Posted by: episystechpubs | October 29, 2019

Editor’s Corner: You

A few weeks ago, I announced Merriam-Webster’s addition of they/them/their as singular, non-binary pronouns. In response, my manager sent me an interesting article on the word “you.” It explains how we went from “thou” (second person singular) and you (second person plural), to just “you” to mean one person or many people. But the story doesn’t end there, and that is what this article is about. I had to cut pieces out because it was a little long, but if you want to read the whole thing, it is here: The Surprising Origins of the Phrase ‘You Guys’byAllan Metcalf.

… In addition to indicating an audience of two or more, the second-person plural (“you”) was trying to do double duty. It was becoming a sign of respect when addressed to one person. By implication, then, “thou” was stigmatized. If someone addressed you as “thou,” it became natural to assume that the speaker had less respect for you.

So over the course of around a thousand years, with plural “you” encroaching on the singular territory of “thou,” the latter finally gave up the struggle and yielded the singular second person to “you,” which was already the plural. Speakers and writers no longer could tell whether an instance of the second person was singular or plural.

For the next two centuries, people had to make do with this ambiguity, as they looked for a good way to signify a plural “you.”

They tried, for example, putting a plural “s” on “you,” making it “yous” or “youse,” both odd looking. Others tried adding a word after “you” to indicate plural: “you people,” “you folks” and “you ones,” or more colloquially “you-uns,” abbreviated “yinz.” Some added a word specifying the audience, like “you ladies.” None of these options had much widespread success, except for the special case of “you all,” also “y’all.”

Meanwhile, while no candidate was attractive enough to step into the shoes of “thou,” a word was born that would twist and turn on its way to success. It came from the terrifying near-success and utter defeat of the Gunpowder Plot, a scheme to explode 36 barrels of gunpowder under the House of Lords in London on Nov. 5, 1605, when Lords and Commons and bishops and other nobility and royalty gathered in that one room for the annual opening of Parliament. The arch-villain who nearly succeeded in blowing to bits hundreds of leading officials of King James’ Protestant government…was an English Catholic gentleman and soldier named Guy Fawkes. He was in the basement under the House of Lords, ready to light the fuses, when a search party caught him just in time.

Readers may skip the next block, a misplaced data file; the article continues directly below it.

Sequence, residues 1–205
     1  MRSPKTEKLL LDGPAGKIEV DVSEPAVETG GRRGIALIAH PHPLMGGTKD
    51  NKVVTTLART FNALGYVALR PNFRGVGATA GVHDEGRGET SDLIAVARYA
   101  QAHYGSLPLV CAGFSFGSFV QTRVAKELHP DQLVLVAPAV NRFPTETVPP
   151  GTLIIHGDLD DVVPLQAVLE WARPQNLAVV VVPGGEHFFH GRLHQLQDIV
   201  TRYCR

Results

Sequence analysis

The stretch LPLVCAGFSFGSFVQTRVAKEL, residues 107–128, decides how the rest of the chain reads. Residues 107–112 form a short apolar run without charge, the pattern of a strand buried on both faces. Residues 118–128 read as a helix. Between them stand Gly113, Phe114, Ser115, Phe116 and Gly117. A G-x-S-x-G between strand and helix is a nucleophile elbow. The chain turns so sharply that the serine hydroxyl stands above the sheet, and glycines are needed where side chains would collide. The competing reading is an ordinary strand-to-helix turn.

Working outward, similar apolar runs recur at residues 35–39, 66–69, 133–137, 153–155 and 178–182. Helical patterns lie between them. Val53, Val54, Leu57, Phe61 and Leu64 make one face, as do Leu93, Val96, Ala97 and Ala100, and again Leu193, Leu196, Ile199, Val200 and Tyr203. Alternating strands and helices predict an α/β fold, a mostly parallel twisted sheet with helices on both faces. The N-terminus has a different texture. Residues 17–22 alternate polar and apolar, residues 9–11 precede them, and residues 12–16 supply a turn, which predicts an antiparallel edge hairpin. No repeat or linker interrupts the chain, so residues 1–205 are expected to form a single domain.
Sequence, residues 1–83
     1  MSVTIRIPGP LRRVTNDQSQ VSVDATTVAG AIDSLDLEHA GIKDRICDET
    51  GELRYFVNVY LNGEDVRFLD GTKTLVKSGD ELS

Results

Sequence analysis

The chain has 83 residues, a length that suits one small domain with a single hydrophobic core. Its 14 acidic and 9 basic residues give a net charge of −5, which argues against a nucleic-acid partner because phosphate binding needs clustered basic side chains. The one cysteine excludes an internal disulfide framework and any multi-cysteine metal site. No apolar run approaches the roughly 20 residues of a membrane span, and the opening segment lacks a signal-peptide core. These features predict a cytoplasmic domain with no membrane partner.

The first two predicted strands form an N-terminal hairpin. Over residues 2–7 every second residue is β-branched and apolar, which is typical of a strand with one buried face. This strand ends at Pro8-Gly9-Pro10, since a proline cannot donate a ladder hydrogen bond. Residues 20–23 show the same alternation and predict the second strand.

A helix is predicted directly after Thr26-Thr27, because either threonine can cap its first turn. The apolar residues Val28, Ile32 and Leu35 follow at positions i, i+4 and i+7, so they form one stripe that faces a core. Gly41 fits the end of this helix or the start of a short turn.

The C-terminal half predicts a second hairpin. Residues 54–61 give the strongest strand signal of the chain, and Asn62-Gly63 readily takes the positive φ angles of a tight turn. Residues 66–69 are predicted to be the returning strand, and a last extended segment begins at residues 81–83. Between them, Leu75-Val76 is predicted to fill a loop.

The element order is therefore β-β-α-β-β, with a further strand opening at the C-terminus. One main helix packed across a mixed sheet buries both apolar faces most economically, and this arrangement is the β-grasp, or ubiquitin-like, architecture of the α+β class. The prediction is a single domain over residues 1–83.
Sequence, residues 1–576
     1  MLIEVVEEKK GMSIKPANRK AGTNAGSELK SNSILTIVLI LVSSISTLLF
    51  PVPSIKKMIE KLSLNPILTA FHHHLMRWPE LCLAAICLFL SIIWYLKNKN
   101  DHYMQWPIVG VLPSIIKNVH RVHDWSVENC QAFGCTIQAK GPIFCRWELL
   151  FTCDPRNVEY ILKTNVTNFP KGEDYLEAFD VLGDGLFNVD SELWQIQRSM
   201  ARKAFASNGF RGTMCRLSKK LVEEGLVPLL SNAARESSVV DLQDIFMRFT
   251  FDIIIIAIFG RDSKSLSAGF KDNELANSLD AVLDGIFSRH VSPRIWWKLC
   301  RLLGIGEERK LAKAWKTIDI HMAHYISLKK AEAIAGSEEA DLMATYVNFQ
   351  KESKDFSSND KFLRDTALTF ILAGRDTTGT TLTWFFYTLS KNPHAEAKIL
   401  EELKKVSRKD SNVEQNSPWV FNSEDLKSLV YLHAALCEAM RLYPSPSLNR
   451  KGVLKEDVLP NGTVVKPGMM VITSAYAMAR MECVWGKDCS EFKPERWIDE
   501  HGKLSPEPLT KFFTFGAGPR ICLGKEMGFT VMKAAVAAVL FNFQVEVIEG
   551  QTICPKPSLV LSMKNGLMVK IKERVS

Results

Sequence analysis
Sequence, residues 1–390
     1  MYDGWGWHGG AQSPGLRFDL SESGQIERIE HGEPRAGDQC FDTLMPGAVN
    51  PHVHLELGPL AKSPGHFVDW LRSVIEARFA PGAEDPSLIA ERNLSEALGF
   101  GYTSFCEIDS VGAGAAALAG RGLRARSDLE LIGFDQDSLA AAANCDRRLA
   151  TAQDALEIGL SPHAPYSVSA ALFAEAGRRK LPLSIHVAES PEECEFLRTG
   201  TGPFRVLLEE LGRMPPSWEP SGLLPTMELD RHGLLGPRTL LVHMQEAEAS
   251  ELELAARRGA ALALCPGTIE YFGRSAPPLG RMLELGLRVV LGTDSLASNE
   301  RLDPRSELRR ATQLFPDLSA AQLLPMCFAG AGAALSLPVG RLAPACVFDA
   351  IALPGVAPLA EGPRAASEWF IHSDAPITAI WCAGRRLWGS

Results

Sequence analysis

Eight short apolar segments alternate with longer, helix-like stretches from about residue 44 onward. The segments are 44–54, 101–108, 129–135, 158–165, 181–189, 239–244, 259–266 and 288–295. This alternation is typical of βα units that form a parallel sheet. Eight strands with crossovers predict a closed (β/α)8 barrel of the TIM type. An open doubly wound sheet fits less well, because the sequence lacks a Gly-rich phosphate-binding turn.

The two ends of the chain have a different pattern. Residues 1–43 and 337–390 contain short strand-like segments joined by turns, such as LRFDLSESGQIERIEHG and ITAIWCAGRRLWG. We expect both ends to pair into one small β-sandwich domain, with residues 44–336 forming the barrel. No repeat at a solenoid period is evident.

Soon his name was on everyone’s lips, as he was interrogated, tortured, tried, convicted and executed before the end of January 1606….

That led to the pivotal moment in the history of “guy”: Parliament approved a “Fifth of November Act,” that is, “An act for publick thanksgiving to Almighty God every year on the fifth day of November.” The new holiday would feature special religious services during the day and bonfires at night, lighting fires to mock the man who hadn’t succeeded.

In the fires they burned effigies of the Pope, Guy Fawkes and other archenemies of the moment. They referred to the effigies of Fawkes as “guys.” And then some people began to use “guys” to refer to actual people: men of the lowest and most depraved kind. This was early in the 18th century, more than 200 years ago.

Scarcely anybody noticed, but speakers and writers then began to view “guys” (not Guy) more positively. “Guys” began to shift meaning, to become a term for working-class men, then every human male, from baby boys to ancient men. Speakers and writers found it useful to have a generic term that didn’t require differentiating among categories of males.

Then by the middle of the 20th century, women began using the word too. They increasingly used “you guys” when addressing others in the plural, regardless of gender. More and more speakers unconsciously voted for “guys,” till that was that: it was the people’s choice.

In recent years, some concerned citizens have pushed back against the idea that it’s an egalitarian term, embracing us all—and it is of course possible that language could once again change. But regardless of our reasons, until an alternative gets enough votes to replace it, “guys” will retain the top spot in the second person plural domain of the English language.

Kara Church

Technical Editor, Advisory

Symitar Documentation Services


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